There really aren’t many industry standards or regulations in place unfortunately, hence why I started this blog to offer greater transparency, so the usage of a certificate of analysis helps us to see exactly what is under the bonnet.

While it is understandable the test might not be brand new, you should be concerned if it is quite old. I couldn’t find specific information on the maximum length, but the oldest I’ve seen is 18months old (I hope that helps to set a benchmark), with many being 9-12 months old.

How Do You Read A CBD COA?

The first part you should check is who produced the test, it should always be performed by a third party laboratory, while you should be able to find the details of this lab online. This is important to ensure they are not connected to the brand and the tests are 100% accurate.

After this, you will want to check the potency levels. These will either be displayed as MG per G or MG per ML. The weight obviously doesn’t include packaging. The MG per G is the measurement of the cannabinoid per gram, so you will need to check the actual weight of the product, but this will normally all be displayed on the COA. If you see MG per ML, this will be for a liquid product.

You will normally see a high percentage of CBD on the test, matching the amounts they are advertising the product as, but often a little higher. You may also see some presence of THC, albeit it can’t legally be over 0.2% in the UK.

Beyond these, there may be small amounts of other cannabinoids such as CBC, CBG, CBN, of which there are 113 cannabinoids and they don’t list them all as many will have a trace at best. One reason why I like checking this is because I’ve caught out a few brands that state their product is ‘full spectrum’, yet they didn’t have more than a trace of any other cannabinoids. You may also see it as a percentage, highlighting how much the CBD is from the overall weight.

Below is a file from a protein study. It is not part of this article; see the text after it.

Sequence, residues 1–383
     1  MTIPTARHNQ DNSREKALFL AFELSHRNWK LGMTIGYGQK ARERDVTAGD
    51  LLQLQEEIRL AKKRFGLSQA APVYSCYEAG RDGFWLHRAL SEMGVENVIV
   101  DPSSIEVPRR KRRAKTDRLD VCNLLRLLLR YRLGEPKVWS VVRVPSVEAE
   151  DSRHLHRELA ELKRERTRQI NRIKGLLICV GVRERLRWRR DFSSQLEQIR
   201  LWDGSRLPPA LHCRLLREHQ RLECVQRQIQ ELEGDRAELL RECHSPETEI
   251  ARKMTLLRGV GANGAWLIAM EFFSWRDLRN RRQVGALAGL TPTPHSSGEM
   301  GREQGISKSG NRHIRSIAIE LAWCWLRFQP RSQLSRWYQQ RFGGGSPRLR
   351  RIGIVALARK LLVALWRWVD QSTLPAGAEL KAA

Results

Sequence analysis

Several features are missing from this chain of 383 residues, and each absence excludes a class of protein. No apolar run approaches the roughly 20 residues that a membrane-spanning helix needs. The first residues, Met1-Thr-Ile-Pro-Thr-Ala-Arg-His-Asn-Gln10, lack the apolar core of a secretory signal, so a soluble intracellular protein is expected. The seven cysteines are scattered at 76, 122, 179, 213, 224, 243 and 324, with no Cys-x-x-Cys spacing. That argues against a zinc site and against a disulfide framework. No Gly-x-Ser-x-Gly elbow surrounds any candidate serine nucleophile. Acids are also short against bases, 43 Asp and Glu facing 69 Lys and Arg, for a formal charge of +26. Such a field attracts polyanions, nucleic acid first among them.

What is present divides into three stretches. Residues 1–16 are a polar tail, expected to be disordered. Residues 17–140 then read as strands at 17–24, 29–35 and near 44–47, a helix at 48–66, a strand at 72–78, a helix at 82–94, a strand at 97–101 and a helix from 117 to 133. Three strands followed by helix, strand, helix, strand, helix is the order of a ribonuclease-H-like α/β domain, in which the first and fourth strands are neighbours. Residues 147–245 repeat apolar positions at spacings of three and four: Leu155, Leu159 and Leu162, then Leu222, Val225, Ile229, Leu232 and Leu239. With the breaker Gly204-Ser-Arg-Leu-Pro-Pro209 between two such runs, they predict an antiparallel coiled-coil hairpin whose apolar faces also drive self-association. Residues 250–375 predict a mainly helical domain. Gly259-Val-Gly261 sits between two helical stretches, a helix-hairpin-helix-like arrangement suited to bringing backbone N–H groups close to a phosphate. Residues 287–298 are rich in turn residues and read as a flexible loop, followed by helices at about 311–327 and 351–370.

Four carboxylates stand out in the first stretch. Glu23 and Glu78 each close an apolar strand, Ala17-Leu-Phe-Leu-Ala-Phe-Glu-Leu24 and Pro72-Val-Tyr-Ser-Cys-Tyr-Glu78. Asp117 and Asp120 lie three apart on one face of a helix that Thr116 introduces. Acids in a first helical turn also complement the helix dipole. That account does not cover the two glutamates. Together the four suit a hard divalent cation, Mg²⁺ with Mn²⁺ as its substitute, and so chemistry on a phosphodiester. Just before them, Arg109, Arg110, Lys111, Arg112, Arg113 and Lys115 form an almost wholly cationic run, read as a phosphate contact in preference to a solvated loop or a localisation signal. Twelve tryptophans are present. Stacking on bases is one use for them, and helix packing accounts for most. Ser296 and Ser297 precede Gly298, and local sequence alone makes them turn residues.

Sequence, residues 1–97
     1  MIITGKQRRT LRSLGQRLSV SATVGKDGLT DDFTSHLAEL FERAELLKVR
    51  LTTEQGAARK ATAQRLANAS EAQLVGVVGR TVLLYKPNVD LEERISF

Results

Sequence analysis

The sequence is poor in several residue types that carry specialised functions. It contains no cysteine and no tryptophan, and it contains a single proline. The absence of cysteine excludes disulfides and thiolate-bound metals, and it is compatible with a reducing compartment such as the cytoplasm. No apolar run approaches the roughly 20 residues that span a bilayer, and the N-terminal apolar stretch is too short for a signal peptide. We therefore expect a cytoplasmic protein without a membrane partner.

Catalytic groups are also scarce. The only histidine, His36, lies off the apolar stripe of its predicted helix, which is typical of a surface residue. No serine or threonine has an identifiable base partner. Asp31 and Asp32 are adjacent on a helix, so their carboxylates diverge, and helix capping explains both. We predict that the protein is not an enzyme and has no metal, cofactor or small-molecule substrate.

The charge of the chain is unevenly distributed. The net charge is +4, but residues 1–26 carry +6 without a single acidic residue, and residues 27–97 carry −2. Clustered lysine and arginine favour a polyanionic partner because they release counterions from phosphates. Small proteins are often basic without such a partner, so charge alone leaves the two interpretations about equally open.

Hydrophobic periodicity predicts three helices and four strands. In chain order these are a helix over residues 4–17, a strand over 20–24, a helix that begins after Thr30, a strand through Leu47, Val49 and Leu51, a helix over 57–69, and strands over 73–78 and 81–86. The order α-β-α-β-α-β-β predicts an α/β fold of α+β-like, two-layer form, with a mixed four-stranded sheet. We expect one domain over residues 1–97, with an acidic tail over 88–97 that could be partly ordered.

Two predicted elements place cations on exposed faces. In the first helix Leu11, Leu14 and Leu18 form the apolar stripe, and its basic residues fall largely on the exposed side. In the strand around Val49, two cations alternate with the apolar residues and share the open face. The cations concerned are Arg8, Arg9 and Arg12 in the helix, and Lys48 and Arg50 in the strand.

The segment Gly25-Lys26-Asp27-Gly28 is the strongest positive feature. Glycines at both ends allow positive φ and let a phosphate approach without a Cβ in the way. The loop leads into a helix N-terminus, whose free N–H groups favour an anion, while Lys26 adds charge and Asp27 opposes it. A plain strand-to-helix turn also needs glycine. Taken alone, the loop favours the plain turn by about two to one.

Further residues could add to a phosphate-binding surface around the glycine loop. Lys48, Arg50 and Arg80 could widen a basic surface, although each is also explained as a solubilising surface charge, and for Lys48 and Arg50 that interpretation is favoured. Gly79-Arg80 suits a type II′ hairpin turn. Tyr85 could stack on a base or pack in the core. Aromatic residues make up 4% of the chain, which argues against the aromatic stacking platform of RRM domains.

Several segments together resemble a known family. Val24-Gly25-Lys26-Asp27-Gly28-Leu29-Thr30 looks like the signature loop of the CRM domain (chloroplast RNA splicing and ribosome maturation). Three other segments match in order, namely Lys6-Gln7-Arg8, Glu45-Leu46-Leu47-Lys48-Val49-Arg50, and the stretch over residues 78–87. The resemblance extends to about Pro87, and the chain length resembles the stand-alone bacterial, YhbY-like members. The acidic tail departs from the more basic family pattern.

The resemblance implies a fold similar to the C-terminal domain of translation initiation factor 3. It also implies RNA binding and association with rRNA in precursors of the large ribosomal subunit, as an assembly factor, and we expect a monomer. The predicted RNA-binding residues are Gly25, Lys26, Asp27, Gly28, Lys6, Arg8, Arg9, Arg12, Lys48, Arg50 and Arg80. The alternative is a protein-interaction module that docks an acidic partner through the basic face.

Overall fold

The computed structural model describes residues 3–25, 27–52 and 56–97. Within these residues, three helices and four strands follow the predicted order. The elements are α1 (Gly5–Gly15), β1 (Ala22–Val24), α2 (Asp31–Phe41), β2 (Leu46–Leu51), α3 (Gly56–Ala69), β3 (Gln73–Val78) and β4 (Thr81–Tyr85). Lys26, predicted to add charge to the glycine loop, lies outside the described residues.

After this, you will often see sections highlighting heavy metals, pesticide results and residual solvent results, of which all should show ‘not detected’. You shouldn’t ever see anything other than this, but it is still worth quickly checking anyway.

The final section is the terpene profile, which are organic compounds that provide the odour, flavour and colour. This will show the presence of each type of terpene, such as linalool, guaiol, humulene, isopulegol, B-caryophyllene and caryophyllene oxide.

What Is The Difference Between A Certificate Of Analysis And A Certificate Of Conformance?

A certificate of conformance is another document you might hear of, which illustrates the goods or service meets the associated required standards. They are produced by a relevant authority, however they don’t include any testing. You will get minimal information from a COC, simply around product compliance.

On the other hand, the COA is much more detailed, analysing the data to illustrate potency and quantities of chemicals found.

By Tom Bourlet

Being based in Brighton, I have directly witnessed the CBD industry grow and prosper, albeit witnessing the difficulties around legislation and the lack of transparency. I therefore decided to become a neutral viewpoint offering genuine reviews, advice and guidance.